"State of the Air 2014" Shows Half the U.S. Lives with Unhealthy Air
Nearly half of all Americans — more than 147 million — live in counties in the U.S. where ozone or particle pollutions levels make the air unhealthy to breathe, according to the American Lung Association's "State of the Air 2014" report released today. The 15th annual national report card shows that while the nation overall continued to reduce particle pollution, a pollutant recently found to cause lung cancer, poor air quality remains a significant public health concern and a changing climate threatens to make it harder to protect human health. Especially alarming is that levels of ozone (smog), a powerful respiratory irritant and the most widespread air pollutant, were much worse than in the previous year's report.
"We are happy to report continued reduction of year-round particle pollution across the nation, thanks to cleaner diesel fleets and cleaner power plants," said Harold Wimmer, National President and CEO of the American Lung Association. "However, this improvement represents only a partial victory. We know that warmer temperatures increase risk for ozone pollution, so climate change sets the stage for tougher challenges to protect human health. We must meet these challenges head on to protect the health of millions of Americans living with asthma and chronic obstructive pulmonary disease. All of us —everyone in every family—have the right to healthy air."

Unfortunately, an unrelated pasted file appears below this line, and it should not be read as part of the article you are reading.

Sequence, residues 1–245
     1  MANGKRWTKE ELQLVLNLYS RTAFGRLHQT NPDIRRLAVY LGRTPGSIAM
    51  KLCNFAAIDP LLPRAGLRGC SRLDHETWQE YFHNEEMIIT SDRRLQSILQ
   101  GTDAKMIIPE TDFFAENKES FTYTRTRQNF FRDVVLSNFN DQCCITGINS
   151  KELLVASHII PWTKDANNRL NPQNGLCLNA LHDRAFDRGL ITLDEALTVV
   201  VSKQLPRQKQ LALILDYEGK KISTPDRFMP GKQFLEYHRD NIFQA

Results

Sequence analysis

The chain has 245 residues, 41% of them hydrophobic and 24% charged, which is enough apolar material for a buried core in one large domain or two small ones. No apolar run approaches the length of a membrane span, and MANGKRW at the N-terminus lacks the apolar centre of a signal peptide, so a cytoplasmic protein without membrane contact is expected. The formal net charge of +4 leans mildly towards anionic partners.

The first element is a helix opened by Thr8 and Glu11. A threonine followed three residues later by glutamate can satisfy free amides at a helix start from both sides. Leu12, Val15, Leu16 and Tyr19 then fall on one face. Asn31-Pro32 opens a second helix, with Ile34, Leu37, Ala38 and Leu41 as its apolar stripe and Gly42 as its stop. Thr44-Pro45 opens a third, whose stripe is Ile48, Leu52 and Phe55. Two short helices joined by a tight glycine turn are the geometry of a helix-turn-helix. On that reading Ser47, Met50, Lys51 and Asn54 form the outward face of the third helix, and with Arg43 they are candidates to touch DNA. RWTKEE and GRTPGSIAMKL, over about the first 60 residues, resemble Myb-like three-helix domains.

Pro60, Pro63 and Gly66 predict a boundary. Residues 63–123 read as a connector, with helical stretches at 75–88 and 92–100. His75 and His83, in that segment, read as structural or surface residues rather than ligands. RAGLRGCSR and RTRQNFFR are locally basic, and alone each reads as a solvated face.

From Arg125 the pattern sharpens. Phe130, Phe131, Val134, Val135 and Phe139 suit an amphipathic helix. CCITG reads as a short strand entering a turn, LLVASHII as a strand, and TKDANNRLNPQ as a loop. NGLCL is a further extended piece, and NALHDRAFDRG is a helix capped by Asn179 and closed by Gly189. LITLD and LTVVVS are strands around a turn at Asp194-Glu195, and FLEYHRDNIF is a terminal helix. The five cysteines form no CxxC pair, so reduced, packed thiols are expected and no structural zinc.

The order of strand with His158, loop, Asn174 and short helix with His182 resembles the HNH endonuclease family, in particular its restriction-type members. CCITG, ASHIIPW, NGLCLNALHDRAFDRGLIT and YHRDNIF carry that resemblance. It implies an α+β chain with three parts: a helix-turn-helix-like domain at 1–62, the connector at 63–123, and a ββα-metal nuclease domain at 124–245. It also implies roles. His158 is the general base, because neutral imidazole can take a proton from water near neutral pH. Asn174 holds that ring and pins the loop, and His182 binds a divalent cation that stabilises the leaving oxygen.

Key "State of the Air 2014" findings include:
- Nearly half of the people in the United States (147.6 million) live in counties with unhealthy levels of either ozone or particle pollution.
- More than 27.8 million people (8.9%) in the United States live in 17 counties with unhealthful levels of all pollutants measured in the report.
- Twenty-two of the 25 most ozone-polluted cities in the 2014 report — including Los Angeles, New York City, and Chicago — had more high ozone days on average when compared to the 2013 report.
- Thirteen of the 25 cities with the worst year-round particle pollution reached their lowest levels yet, including Los Angeles, Atlanta, Pittsburgh and Bakersfield.
Once again, Los Angeles remains the metropolitan area with the worst ozone pollution, a ranking it has held in all but one of the 15 State of the Air reports. Fresno-Madera, Calif. moved to the top of both lists for most polluted for particle pollution. On the opposite end of the spectrum, Bangor, ME, Bismarck, ND, Cape Coral-Fort Myers, FL, and Salinas, Calif., were named the "cleanest cities" for having no days with unhealthy levels of ozone or particle pollution and for being among the 25 cities with the lowest year-round particle levels.
Read more at the American Lung Association.
Smog in Los Angeles image via Shutterstock.